Most states require that auto insurance is purchased if you operate a vehicle. It protects you from financial losses such as vehicle repairs, medical bills, and legal services that could result from an auto accident. Your insurance policy is made up of a variety of both mandatory and optional coverages.
Bodily Injury Liability: Covers injury you may cause others including coverage for medical expenses, lost wages, pain, and suffering, etc.
Property Damage Liability: This pays for damage you cause to the property of others such as a crushed fender, broken glass, or a damaged wall or fence.
Medical Payments Liability: Coverage pays for medical or funeral expenses for you or others injured or killed in an accident while riding or driving your vehicle up to the limits chosen. Typically, medical payments usually cover expenses not covered by health insurance, such as co-pays or deductibles. It also provides coverage to you or your family if you are struck by another vehicle while walking.
Personal Injury Protection (PIP or No-fault): May include limits for medical expenses, disability or loss of income, in-home services, rehabilitation, and funeral burial or cremation costs, as defined in your specific policy wording which varies by state.
Uninsured Motorist Coverage: This coverage applies to bodily injury you, your family, or other occupants of your vehicle that are incurred when hit by an uninsured motorist or a hit-and-run driver.
Underinsured Motorist Coverage: This increases the bodily injury protection to you and the people in your car up to the amount of coverage you purchase if the at-fault party’s bodily injury insurance limits are lower than your Underinsured Motorist Coverage limits.
Uninsured Motorist Property Damage Coverage: Provides protection for property damage caused by an uninsured motorist. This coverage is only available for vehicles for which you have not purchased collision coverage. *Not available in all states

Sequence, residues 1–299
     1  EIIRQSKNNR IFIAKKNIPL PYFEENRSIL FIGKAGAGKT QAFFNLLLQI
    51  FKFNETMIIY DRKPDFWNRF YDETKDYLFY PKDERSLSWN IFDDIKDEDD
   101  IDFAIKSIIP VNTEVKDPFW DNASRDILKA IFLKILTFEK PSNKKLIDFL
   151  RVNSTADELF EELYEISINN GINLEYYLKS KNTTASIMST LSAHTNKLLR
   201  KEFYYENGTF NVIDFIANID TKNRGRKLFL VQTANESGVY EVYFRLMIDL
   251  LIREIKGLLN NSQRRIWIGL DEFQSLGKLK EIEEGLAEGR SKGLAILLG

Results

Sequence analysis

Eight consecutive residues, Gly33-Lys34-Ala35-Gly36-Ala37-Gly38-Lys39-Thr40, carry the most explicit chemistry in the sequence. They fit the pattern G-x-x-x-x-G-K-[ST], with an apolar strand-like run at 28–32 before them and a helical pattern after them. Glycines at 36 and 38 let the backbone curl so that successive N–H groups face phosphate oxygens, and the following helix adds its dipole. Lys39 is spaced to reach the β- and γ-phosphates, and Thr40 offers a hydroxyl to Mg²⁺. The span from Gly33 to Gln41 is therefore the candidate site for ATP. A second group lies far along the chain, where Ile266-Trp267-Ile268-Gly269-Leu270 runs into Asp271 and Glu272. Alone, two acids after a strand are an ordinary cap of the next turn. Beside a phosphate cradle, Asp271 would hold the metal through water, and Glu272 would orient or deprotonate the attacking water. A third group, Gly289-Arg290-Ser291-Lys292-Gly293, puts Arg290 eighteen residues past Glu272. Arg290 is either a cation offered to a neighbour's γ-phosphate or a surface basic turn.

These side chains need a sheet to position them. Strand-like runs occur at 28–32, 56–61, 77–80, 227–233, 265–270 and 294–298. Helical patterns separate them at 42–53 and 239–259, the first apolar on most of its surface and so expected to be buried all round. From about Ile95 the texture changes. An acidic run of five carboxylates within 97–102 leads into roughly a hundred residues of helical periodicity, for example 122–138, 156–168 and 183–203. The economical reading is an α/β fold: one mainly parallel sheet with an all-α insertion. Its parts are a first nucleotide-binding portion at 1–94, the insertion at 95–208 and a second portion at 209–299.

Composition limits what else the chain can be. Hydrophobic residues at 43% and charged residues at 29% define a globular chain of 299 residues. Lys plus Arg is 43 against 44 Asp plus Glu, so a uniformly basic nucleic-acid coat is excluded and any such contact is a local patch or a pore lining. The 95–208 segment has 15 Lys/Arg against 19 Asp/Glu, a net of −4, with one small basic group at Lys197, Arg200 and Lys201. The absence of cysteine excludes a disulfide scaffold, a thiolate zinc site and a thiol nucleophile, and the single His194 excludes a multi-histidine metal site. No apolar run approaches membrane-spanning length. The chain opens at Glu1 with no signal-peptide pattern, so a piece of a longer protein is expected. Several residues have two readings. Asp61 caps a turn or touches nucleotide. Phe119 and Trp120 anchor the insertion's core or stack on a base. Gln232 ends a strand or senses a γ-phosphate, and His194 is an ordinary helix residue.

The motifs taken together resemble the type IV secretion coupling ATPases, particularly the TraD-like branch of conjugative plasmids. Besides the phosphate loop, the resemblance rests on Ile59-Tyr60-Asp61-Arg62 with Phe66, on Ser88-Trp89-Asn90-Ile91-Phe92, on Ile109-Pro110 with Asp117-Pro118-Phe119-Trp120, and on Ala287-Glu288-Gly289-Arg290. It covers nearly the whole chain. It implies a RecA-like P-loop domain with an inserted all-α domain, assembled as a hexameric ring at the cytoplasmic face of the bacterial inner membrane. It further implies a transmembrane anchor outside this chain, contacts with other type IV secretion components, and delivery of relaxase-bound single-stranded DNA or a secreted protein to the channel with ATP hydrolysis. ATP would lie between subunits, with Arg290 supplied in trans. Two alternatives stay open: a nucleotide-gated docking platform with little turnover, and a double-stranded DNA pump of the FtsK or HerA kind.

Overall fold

Comprehensive Coverage: Pays for damage to your auto for fire, vandalism, water, hail, glass breakage, wind, falling objects, civil commotion, or hitting an animal. A deductible typically applies.
Collision Coverage: Pays for damage to your car if you collide into an object, including another vehicle, a hit-and-run driver, or if it overturns. A deductible typically applies.
Emergency Roadside Assistance/Towing coverage: Towing of a covered vehicle if it is disabled. Some policies will pay for limited labor costs when necessary due to a covered emergency. Assistance could include battery jump-start, flat tire change, emergency fuel and fluid delivery, and locksmith services.
Rental Reimbursement: Reimburses the cost of renting a car as a temporary replacement. The vehicle being replaced must be an insured car that is unavailable for use because it is damaged, stolen, or destroyed in an overaged loss.
Carriers will often add additional optional coverages such as:
- Loan Lease (Gap Coverage)
- Extended Non-Owned Coverage
- Pet Injury Coverage
- Trip Interruption Coverage
Most states require that you carry at least $25,000 per person, $50,000 per accident, and $10,000 for property damage liability. The WRC Agency feels strongly that these limits are not adequate, and will not sell a policy with limits less than $100,000 per person, $300,000 per accident, and $100,000 for property damage liability. The WRC Agency does encourage you to purchase higher limits as many options are available.